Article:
Mase is a storyteller based out of Seattle, Washington. Oddly Exceptional explores experience design, goal deconstruction, and intentional living.

Put Skin in the Game

I very recently wrote about my decision to hire a consultant to help me with product development. This was not an easy decision to make, for many reasons. 

There's an ego aspect. I've never liked admitting I don't know something. Only in the past five years have I been aware enough of that flaw to begin addressing it, and life has only gotten better since then. 

However, there is still an area that I tend to consider "my thing", and in that area I've convinced myself that I'm smart enough—that I either know it, or can figure it out on my own. And that kind of thinking is great for building confidence and honing your craft, but it can also create blind spots. There are certain aspects of my expertise that I care about less than others, and my ability to perform well—or indeed, even be aware of my ability to perform—is limited. 

And then, quite separately, there's the financial aspect. This is the single biggest financial transaction I've ever committed to.

It's also the largest thing I've ever purchased where I don't immediately have something tangible to show for it in return.

I don't have keys to a new apartment or house.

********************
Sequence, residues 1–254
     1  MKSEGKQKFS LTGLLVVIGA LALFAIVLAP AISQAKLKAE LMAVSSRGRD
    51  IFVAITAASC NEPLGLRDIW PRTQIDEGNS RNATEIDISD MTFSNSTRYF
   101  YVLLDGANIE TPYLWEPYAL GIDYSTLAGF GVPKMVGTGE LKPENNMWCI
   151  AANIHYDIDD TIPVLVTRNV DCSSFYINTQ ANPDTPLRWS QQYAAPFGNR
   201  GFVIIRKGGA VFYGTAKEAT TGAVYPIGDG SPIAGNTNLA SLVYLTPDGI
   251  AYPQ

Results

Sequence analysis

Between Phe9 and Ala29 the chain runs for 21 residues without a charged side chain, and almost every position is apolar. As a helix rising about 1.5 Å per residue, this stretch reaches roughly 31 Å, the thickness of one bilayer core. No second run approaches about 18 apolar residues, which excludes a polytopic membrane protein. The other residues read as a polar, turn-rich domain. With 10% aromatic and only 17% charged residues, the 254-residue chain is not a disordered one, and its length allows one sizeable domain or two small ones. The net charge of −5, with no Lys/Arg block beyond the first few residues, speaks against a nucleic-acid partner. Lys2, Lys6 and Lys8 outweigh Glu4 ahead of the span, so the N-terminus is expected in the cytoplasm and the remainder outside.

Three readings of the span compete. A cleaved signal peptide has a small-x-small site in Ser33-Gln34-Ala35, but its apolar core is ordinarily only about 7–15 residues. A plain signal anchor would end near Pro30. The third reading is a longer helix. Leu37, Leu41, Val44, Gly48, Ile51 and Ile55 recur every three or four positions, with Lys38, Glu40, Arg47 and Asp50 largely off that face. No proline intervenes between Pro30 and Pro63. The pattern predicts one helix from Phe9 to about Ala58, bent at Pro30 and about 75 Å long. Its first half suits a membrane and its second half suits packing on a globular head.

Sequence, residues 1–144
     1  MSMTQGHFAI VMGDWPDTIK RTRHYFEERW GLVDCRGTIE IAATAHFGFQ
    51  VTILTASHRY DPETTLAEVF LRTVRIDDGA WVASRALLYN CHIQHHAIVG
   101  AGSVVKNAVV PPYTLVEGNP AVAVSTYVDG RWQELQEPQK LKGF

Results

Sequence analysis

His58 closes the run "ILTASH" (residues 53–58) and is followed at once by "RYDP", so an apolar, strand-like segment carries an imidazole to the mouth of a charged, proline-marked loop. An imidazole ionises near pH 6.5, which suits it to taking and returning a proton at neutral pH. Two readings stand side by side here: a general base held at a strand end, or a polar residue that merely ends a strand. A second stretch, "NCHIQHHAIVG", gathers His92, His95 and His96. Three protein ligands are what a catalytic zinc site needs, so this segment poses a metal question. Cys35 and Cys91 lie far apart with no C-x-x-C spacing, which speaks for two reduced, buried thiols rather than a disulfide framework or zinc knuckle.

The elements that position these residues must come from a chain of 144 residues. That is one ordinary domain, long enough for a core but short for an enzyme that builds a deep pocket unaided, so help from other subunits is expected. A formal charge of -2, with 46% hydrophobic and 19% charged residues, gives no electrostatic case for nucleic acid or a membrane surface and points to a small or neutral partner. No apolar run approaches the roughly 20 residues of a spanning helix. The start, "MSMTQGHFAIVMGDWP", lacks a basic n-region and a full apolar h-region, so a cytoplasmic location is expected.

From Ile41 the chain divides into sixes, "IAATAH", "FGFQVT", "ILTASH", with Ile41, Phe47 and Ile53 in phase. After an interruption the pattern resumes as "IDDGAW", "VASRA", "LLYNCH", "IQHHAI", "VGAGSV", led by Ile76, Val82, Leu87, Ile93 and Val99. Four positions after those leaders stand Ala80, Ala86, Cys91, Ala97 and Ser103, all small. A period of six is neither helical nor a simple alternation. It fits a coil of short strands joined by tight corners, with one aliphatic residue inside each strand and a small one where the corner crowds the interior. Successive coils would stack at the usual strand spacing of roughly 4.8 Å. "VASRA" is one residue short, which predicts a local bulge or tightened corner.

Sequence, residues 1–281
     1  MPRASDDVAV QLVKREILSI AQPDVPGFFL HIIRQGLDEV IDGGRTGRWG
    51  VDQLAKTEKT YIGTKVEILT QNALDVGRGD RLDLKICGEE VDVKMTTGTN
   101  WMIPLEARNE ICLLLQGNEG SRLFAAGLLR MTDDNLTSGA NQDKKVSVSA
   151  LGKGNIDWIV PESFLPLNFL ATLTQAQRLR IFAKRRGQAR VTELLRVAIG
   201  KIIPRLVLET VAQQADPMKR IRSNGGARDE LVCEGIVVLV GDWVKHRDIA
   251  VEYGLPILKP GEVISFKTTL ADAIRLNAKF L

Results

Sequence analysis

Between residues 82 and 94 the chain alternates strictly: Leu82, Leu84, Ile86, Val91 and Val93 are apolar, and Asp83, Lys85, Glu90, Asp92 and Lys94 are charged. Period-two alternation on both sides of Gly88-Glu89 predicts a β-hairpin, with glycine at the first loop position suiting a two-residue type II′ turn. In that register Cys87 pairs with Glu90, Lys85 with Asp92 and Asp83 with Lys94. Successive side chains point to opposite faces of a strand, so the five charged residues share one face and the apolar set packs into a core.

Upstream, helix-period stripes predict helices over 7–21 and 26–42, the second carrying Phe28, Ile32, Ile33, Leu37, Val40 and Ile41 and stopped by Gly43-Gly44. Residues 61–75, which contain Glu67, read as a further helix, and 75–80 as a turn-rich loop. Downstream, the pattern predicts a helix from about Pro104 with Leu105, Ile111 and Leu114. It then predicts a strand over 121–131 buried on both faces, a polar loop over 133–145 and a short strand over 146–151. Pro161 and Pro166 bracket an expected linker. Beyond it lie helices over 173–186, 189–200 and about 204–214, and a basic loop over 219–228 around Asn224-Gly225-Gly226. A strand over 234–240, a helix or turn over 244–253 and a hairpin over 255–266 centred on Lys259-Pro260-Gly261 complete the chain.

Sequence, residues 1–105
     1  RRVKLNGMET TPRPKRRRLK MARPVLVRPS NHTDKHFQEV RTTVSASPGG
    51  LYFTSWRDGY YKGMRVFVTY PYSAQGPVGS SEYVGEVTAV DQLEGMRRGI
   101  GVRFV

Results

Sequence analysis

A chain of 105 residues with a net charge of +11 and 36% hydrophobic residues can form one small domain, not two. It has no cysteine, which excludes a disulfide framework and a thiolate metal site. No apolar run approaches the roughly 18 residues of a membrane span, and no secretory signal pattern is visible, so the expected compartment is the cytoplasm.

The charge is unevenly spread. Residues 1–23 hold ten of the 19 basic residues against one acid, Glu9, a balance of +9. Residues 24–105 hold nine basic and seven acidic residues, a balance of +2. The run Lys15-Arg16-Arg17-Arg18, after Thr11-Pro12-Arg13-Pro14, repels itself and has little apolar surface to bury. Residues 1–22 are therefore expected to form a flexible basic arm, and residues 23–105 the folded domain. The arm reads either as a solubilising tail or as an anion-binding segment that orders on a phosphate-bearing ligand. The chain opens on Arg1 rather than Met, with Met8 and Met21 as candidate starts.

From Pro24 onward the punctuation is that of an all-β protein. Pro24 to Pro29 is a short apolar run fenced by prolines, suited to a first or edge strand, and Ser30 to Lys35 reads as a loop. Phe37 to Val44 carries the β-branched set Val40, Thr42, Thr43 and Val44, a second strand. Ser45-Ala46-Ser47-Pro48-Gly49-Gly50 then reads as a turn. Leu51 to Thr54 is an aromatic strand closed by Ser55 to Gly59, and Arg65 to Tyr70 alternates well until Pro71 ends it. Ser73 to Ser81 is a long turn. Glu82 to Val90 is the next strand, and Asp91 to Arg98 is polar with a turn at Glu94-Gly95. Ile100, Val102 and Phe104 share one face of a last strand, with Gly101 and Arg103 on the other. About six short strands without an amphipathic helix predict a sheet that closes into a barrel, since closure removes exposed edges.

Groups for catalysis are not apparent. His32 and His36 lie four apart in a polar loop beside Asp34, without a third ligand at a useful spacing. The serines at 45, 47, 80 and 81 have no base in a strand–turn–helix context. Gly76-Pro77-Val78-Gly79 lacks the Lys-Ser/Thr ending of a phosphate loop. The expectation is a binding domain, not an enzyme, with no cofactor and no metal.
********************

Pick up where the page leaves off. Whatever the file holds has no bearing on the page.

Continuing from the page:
I can't get in it and drive it around.

There's no sweet game I can install on it and play to get an on-demand dopamine hit. 

I've purchased nothing but a promise, and in doing so, I've officially put skin in the game. The framing motivation of "Hey, it would be cool if I could do this" now has an added aspect of, "And if I don't focus and get something out of it, I will have wasted tens of thousands of dollars."

This is, of course, a double-edged sword. It's important to avoid the Sunk Cost Fallacy, which is the practice of making future decisions based on past costs that cannot be recovered. 

However, it can serve as an amplifying motivator. Assuming the core motivations and execution process are correct and the market is willing, grit will determine success. Putting skin in the game—investing in the process—helps bolster grit. 

The investment doesn't have to be ridiculous. I don't recommend that everyone pay a high-priced consultant to help them meet their goals, but I do recommend that the investment be meaningful, relative to your lifestyle. 

And notice I say lifestyle, not income. The investment needn't be financial. There are two main levers—money and time. If you don't invest money, invest time. Of the 168 hours you have in a week, how many are your devoting to your goal?

Putting skin in the game can mean setting aside time to work on your goal.

It can mean saying no to going out drinking with friends on a Saturday night.

It can mean saying no to binge-watching that new Netflix series.

It means saying "no" to today's distractions and saying "yes" to your future self by aligning your actions with your goals.

Put skin in the game.

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